This study uses drifter‐based observations to investigate the role of wind and waves on spreading and mixing in the Fraser River plume. Local winter wind patterns commonly result in two distinct forcing conditions, moderate winds from the southeast (SE) and strong winds from the northwest (NW). We examine how these patterns influence the spreading and mixing dynamics of the plume. Under SE winds, the plume thins, spreads, and turns to the right (north) upon exiting the river mouth. Mixing is initially intense in the region of maximum spreading, but it is short‐lived. Under NW winds, which oppose the rightward tendency of the plume, the plume remains thicker, narrower, and flows directly across the Strait with a lateral front on its northern side. Mixing is initially lower than under SE forcing but persists further across the Strait. A Lagrangian stream‐normal momentum balance shows that wind and interfacial stress under NW conditions compress the sea surface height anomaly formed by the river discharge and guide the flow across the Strait. This reconfiguration changes spreading and mixing dynamics of the plume; plume spreading, which drives intense mixing under SE winds, is shut down under NW winds, and mixing rates are consequently much lower. Despite the initially lower mixing rates, the region of active mixing extends further under NW winds, resulting in higher net mixing. These results highlight that the wind, which is often a primary cause of increased plume mixing, can also significantly influence mixing by changing the geometry of the plume.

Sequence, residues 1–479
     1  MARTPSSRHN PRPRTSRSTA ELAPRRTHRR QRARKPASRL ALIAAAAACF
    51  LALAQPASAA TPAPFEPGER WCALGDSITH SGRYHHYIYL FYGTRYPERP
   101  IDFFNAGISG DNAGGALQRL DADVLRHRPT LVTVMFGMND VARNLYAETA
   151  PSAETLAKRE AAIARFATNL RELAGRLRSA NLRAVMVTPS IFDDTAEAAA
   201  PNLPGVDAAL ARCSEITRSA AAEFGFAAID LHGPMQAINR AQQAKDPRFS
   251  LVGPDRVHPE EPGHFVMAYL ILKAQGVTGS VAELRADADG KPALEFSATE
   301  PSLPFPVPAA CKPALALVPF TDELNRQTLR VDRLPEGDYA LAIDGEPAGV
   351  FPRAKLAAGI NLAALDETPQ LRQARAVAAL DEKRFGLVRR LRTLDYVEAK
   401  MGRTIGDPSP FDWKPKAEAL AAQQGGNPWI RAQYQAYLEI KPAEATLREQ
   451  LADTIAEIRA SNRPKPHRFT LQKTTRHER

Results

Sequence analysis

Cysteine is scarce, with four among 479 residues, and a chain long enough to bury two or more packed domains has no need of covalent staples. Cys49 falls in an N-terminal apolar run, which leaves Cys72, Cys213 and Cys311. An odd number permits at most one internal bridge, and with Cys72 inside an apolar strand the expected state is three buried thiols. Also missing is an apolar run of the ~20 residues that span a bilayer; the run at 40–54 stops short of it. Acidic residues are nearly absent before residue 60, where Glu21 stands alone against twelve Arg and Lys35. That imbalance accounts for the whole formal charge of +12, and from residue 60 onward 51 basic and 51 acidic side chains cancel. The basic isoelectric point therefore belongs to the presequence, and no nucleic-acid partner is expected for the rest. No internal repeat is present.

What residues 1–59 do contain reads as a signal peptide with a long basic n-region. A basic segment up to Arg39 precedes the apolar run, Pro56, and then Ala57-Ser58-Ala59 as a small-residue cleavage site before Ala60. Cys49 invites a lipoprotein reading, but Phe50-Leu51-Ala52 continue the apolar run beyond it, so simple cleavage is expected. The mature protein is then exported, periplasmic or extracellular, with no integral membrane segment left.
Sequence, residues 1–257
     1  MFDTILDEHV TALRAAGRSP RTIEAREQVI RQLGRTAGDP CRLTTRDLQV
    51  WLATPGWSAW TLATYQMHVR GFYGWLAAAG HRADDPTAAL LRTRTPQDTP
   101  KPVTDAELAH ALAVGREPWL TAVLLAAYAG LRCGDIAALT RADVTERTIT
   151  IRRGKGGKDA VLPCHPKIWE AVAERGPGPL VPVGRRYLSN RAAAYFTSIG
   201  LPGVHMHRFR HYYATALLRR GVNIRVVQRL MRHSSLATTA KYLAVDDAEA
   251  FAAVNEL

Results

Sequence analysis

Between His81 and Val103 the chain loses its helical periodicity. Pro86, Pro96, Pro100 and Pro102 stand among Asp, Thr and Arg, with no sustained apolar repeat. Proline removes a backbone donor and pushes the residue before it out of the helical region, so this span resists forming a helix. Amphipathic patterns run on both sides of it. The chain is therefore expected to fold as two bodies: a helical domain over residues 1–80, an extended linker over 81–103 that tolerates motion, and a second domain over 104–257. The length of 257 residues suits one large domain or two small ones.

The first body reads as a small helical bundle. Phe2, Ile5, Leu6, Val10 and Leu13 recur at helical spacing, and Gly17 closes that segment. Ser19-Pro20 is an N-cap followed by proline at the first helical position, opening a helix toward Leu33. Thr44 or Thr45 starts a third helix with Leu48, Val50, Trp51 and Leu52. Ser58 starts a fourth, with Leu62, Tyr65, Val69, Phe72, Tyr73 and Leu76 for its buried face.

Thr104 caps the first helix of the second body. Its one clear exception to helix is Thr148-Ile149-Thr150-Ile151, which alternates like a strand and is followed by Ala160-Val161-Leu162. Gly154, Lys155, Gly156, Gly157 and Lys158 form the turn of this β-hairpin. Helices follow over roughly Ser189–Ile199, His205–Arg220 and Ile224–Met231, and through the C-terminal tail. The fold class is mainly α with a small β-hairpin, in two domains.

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In The News

State investigators focus on nets plugged with mussels in Atlantic salmon net-pen failure

The Seattle Times, Lynda Mapes